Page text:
So in conclusion: Yes, Korra is flawed, not perfect, but by the end of the day, how are any of us any better? Myke and Bryan made a character who is probably more human than most characters out there, even me as an actually character designer could probably never truly capture the human essence that comes from Korra, and also age doesn’t always equal maturity, especially if you’ve lived the life she lived. You guys can bash on Korra all you want, but I will remain one of those few people who truly sees the potential and SPARK this character has. I am not ashamed to say I love the character, she had tons of great qualities as well, you folks seem to forget.

      Whatever you say, my though will remain the same: Korra is a diamond in the rough for sure!

  • Geoffrey F. Norman

    I’ve been having this very same discussion with another tea friend who watches the show. My conclusion being that the problem with Korra is simple: Her story was finished in season one.

    She was presented at the start of the series as a hothead who couldn’t learn to airbend. Why? It was diametrically opposed to her character. (However, if that were the case, waterbending shouldn’t have come that easily to her either, since it IS based on Tai Chi and all.) At the end of the season, she learned to airbend AND got in touch with her past lives. Arc: Done.

    This season, the only way they could go was backward, placing her back into petulant teenager mode. Had they waited to do all the spiritual stuff (including past life regression therapy) THIS season, she would have a justifiable raison d’etre.

  • sidbrown210

    Korra as a 17 year old compared to the 16 year olds of A:TLA is night and day. Korra acts more like she’s 13 when I compare her to characters like Azula, Zuko, even Jet, Mai, or Ty Lee. Korra just doesn’t ever evolve. The same rash behavoir in book one is even more pronounced in book two. It’s hard to believe years of being trained by the White Lotus would result in such petulance. I hear book 3 is a little better in terms of her hyper reactive near uncontrollable temper.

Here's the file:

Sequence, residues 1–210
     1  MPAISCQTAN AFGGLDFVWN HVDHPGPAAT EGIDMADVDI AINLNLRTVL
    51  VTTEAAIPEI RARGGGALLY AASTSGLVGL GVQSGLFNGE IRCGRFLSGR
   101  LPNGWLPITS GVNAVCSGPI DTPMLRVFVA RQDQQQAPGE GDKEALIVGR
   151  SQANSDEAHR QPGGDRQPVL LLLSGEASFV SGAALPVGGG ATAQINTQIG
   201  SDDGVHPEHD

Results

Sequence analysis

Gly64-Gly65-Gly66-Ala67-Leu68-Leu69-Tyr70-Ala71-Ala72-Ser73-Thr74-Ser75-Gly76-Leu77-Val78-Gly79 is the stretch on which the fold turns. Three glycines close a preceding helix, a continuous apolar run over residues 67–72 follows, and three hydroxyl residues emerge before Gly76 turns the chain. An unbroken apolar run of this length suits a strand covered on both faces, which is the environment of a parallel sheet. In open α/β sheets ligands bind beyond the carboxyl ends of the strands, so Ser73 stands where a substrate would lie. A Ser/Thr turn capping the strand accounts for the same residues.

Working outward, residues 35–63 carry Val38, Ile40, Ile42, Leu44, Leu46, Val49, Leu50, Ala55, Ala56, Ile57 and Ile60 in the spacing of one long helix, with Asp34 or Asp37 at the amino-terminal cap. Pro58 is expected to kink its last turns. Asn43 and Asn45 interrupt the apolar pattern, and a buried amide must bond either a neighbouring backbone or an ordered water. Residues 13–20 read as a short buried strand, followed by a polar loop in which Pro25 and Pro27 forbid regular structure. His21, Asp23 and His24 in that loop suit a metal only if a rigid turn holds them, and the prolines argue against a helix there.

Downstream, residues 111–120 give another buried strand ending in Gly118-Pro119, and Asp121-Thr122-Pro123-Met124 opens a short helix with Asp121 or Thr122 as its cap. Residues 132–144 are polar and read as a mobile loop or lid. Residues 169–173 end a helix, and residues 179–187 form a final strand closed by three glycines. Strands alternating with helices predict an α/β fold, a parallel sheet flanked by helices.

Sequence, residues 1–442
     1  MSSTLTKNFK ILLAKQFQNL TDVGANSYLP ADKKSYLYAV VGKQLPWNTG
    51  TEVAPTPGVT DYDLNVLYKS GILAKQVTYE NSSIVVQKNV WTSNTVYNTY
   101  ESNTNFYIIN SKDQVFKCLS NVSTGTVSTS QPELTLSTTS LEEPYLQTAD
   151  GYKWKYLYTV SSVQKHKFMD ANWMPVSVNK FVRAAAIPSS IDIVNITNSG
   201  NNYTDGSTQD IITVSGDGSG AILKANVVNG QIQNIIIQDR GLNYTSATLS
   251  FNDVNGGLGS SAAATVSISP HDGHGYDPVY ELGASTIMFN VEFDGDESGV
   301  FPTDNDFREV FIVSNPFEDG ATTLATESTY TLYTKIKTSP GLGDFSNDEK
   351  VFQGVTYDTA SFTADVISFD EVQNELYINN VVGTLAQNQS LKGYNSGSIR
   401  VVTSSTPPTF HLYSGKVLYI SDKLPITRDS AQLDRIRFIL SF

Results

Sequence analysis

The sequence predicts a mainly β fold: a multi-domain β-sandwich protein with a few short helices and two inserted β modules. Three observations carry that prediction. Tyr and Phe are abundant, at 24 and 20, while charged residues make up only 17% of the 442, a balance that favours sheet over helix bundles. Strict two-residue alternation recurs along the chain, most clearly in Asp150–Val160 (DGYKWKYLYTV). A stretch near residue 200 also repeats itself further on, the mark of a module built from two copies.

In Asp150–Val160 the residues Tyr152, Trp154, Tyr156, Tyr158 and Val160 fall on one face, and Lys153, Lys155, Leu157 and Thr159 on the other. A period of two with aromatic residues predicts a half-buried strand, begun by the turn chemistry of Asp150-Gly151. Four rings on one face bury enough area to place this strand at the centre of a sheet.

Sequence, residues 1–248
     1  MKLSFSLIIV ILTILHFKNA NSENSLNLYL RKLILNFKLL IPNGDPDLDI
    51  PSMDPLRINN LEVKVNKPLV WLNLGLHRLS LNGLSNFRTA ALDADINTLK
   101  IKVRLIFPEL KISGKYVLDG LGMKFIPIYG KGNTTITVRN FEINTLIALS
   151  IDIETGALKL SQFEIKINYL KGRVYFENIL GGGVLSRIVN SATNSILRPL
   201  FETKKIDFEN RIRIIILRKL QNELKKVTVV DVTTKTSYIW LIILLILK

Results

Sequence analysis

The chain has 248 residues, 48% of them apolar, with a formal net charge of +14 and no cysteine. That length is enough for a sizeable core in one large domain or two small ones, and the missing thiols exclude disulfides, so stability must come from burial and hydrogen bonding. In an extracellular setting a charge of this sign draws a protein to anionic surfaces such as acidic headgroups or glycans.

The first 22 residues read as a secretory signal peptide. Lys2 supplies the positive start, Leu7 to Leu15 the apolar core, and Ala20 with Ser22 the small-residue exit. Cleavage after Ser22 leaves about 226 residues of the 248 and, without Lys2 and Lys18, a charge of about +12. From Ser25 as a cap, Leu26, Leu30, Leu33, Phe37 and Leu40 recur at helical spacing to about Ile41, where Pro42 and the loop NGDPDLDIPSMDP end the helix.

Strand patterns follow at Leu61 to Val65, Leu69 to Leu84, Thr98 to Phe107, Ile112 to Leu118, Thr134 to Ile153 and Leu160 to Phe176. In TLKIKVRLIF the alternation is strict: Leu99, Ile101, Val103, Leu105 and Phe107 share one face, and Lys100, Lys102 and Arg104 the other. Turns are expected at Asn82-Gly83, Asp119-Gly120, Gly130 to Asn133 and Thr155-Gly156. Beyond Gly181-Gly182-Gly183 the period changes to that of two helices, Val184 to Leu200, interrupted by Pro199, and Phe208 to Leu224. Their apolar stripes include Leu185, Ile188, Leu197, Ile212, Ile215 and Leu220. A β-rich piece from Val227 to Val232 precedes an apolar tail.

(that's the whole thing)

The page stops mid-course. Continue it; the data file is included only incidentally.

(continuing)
• Dan Kasteray

    Alas Korra is no better in season three or four. She’s still a person who has learned nothing. She knows metal bending until it’s convenient for her to forget how. SHe still doesn’t use any proper airbending moves and even after a supposed revelation she’s still brash and trying to solve every problem with her fists. Actually in season 4 her only defining trait is her self pity

  • emmanuel prud’homme

    Hum I don’t think so Dan. she’s accomplish many thing and in book 4 she’s trying to keep the peace in Zaofu with Suyin and Kuvira. And she’s talking with the great Uniter in the end of battle and she succeed to convicing and accept the responsability is crime. For me Its how if my little daughter grown up

  • Will Drake

    I think that her abrasive personality feels even more abrasive because there are a lot of other tough characters in LoK, (Such as Mako, Tenzin, Lin, etc…) and there is hardly anything to counter balances this. For example, Tenzin and Korra butt heads a lot because they are both very stubborn, which often shows the worst of Both characters.

    Aang is suppose to be Korra’s spiritual guild to being the Avatar, but he is sadly lacking. Aang “sweet-tempered” disposition would have made a nice foil to Korra’s bullheadedness. But he’s a no show, and then he pretty much got written out of the series entirely.

    One good example of the of past Avatars is Avatar Roku. He wasn’t there all the time, but he was there enough. When Aang wanted to learn fire bending from Jeong Jeong, Jeong Jeong insulted Aang and told him he was too weak. Then Roku stepped in and told Jeong Jeong off. This wonderfully counter balanced Aang shyness with Roku’s implacable authority.

  • Michael Smart

    Summed up well. Poorly written, selfish and ungrateful. Gets handed everything and learns nothing from it.

    • Randver Larson

      Doesn’t even remotely describe her at all. In fact, you just described the polar opposite of Korra.